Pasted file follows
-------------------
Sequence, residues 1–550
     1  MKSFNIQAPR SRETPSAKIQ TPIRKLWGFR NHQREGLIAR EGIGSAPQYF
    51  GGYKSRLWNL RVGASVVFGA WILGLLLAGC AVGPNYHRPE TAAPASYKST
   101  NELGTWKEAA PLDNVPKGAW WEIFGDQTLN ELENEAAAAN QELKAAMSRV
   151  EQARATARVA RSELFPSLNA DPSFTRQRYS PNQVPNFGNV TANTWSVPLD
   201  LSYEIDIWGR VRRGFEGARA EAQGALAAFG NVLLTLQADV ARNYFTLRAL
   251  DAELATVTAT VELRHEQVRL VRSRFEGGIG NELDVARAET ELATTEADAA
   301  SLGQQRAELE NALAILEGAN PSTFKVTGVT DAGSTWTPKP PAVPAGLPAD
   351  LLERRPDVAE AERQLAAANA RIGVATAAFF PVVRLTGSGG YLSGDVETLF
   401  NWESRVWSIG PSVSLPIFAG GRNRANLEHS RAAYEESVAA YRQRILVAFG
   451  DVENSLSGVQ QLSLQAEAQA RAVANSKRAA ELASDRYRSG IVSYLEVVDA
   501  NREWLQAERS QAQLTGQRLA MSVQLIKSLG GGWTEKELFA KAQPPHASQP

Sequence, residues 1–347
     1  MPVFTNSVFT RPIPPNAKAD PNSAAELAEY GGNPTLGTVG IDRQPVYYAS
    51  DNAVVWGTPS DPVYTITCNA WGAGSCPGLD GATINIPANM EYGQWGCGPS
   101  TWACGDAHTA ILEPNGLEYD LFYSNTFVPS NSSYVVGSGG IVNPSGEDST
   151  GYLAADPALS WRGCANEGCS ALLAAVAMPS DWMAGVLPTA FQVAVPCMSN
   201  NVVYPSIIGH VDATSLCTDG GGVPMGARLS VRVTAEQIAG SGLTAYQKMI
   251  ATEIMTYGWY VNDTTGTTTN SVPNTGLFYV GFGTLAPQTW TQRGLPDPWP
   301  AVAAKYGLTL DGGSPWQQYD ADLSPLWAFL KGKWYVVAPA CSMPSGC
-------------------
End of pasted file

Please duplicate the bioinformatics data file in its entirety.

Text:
Sequence, residues 1–550
     1  MKSFNIQAPR SRETPSAKIQ TPIRKLWGFR NHQREGLIAR EGIGSAPQYF
    51  GGYKSRLWNL RVGASVVFGA WILGLLLAGC AVGPNYHRPE TAAPASYKST
   101  NELGTWKEAA PLDNVPKGAW WEIFGDQTLN ELENEAAAAN QELKAAMSRV
   151  EQARATARVA RSELFPSLNA DPSFTRQRYS PNQVPNFGNV TANTWSVPLD
   201  LSYEIDIWGR VRRGFEGARA EAQGALAAFG NVLLTLQADV ARNYFTLRAL
   251  DAELATVTAT VELRHEQVRL VRSRFEGGIG NELDVARAET ELATTEADAA
   301  SLGQQRAELE NALAILEGAN PSTFKVTGVT DAGSTWTPKP PAVPAGLPAD
   351  LLERRPDVAE AERQLAAANA RIGVATAAFF PVVRLTGSGG YLSGDVETLF
   401  NWESRVWSIG PSVSLPIFAG GRNRANLEHS RAAYEESVAA YRQRILVAFG
   451  DVENSLSGVQ QLSLQAEAQA RAVANSKRAA ELASDRYRSG IVSYLEVVDA
   501  NREWLQAERS QAQLTGQRLA MSVQLIKSLG GGWTEKELFA KAQPPHASQP

Sequence, residues 1–347
     1  MPVFTNSVFT RPIPPNAKAD PNSAAELAEY GGNPTLGTVG IDRQPVYYAS
    51  DNAVVWGTPS DPVYTITCNA WGAGSCPGLD GATINIPANM EYGQWGCGPS
   101  TWACGDAHTA ILEPNGLEYD LFYSNTFVPS NSSYVVGSGG IVNPSGEDST
   151  GYLAADPALS WRGCANEGCS ALLAAVAMPS DWMAGVLPTA FQVAVPCMSN
   201  NVVYPSIIGH VDATSLCTDG GGVPMGARLS VRVTAEQIAG SGLTAYQKMI
   251  ATEIMTYGWY VNDTTGTTTN SVPNTGLFYV GFGTLAPQTW TQRGLPDPWP
   301  AVAAKYGLTL DGGSPWQQYD ADLSPLWAFL KGKWYVVAPA CSMPSGC